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And who shaves God? Nature and role of paradoxes in science and religion communications: A case of foolish virgins

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Abstract:

Speaking of truth inescapably confronts us with paradoxes, i.e., correct deductive propositions like a Cretan claiming that all Cretans lie which (due to negative systemic self-reference) end up as circular contradictions, indeterminable questions, or dilemmas. Faced with the numerous paradoxical statements (apparently 82) found in the Bible, the German Protestant reformer Sebastian Franck (14991542), for example, conceded that any truth of God cannot be found in language but only in the immediate silent experience of God. Likewise, believers in an uncompromising search for true facts about this world would certainly agree with (though arguably misappropriate) Wittgenstein in claiming that Whereof one cannot speak, thereof one must be silent. Paradoxes this article claims must neither be feared, nor avoided, nor become subject to hopeless attempts in searching for logic solutions. Paradoxes lead the way to truth in demonstrating that questions of truth, or truth claims, cannot be adequately addressed within the same system of communication (ortho-system) in which they are raised. The encounter with paradoxes (e.g., a God who creates but is uncreated) elevates language and communication onto a meta-level (or system) of communication in which new means (like for instance Gdel's numbering) are needed to speak of what is real but apparently cannot be true. These means, however, will turn out to be likewise paradoxes that furthermore call for new and creative ways of speaking of such truths that previously could not be communicated. The creative admission of paradoxes into communication philosophy will not solve age-old problems or dilemmas; however, it will playfully open up the conversation of science with religion to the creative means of the arts were truth is not argued but performed in paradoxes.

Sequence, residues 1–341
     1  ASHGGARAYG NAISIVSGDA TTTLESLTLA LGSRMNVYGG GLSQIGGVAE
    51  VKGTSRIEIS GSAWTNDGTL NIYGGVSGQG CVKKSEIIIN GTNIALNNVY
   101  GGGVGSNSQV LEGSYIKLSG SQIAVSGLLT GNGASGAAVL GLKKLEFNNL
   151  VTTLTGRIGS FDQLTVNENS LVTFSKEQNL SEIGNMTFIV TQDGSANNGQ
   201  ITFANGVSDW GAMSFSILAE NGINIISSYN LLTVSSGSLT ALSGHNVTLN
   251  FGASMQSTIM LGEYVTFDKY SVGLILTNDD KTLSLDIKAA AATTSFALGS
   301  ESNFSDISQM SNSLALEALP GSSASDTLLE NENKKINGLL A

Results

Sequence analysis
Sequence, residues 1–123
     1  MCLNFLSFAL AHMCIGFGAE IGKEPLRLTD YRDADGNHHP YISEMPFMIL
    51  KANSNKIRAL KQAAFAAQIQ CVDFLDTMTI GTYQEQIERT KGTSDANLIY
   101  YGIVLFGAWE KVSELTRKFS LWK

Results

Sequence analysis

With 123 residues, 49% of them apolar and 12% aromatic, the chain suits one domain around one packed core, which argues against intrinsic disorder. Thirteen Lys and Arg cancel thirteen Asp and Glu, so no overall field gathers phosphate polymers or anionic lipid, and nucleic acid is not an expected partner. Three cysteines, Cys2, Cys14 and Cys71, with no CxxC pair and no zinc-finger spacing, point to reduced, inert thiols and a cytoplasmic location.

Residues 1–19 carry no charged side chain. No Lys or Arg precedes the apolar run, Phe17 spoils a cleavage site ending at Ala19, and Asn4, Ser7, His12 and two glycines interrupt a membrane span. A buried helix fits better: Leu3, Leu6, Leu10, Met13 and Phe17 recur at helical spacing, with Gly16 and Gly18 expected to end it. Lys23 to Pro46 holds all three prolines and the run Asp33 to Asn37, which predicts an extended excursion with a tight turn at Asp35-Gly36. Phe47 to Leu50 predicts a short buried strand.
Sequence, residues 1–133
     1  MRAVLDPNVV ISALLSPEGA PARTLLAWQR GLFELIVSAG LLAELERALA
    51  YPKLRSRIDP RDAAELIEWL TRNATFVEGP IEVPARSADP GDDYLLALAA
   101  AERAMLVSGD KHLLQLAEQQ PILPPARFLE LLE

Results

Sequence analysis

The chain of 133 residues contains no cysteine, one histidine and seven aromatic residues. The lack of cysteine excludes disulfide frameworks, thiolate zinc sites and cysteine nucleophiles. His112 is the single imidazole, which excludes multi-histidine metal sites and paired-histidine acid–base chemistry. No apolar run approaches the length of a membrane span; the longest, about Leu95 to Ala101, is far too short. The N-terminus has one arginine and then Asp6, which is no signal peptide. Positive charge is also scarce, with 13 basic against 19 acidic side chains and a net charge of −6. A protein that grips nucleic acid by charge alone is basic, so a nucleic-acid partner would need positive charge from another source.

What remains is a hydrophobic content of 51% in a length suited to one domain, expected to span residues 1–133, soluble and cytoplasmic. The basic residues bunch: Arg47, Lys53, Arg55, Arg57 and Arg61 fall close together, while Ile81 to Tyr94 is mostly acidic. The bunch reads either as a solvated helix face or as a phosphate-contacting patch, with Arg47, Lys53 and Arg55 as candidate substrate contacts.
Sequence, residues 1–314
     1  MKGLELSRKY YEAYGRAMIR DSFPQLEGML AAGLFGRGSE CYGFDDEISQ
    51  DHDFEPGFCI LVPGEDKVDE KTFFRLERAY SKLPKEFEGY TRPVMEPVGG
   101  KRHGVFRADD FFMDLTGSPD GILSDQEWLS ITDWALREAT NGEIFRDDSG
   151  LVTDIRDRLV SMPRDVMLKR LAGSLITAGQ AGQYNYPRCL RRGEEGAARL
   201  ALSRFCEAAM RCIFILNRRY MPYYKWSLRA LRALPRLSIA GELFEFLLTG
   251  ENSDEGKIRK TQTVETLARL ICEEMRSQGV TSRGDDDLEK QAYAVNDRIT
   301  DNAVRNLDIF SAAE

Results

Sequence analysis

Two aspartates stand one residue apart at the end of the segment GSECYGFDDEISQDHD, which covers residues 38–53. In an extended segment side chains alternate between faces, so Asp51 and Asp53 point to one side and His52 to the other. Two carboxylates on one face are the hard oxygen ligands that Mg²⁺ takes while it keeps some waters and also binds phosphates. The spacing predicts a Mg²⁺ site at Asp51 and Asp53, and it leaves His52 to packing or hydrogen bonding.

Keywords: dialogue; discourse system; incommensurability; parable; paradox; truth

Document Type: Research Article

DOI: http://dx.doi.org/10.1386/ejpc.1.2.187_1

Affiliations: Ateneo de Manila University/Monash University.

Publication date: June 1, 2010

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  • Empedocles aims to provide a publication and discussion platform for those working at the interface of philosophy and the study of communication, in all its aspects. This Journal is published in cooperation with the Section for the Philosophy of Communication of ECREA, the European Communication Reserach and Education Association.
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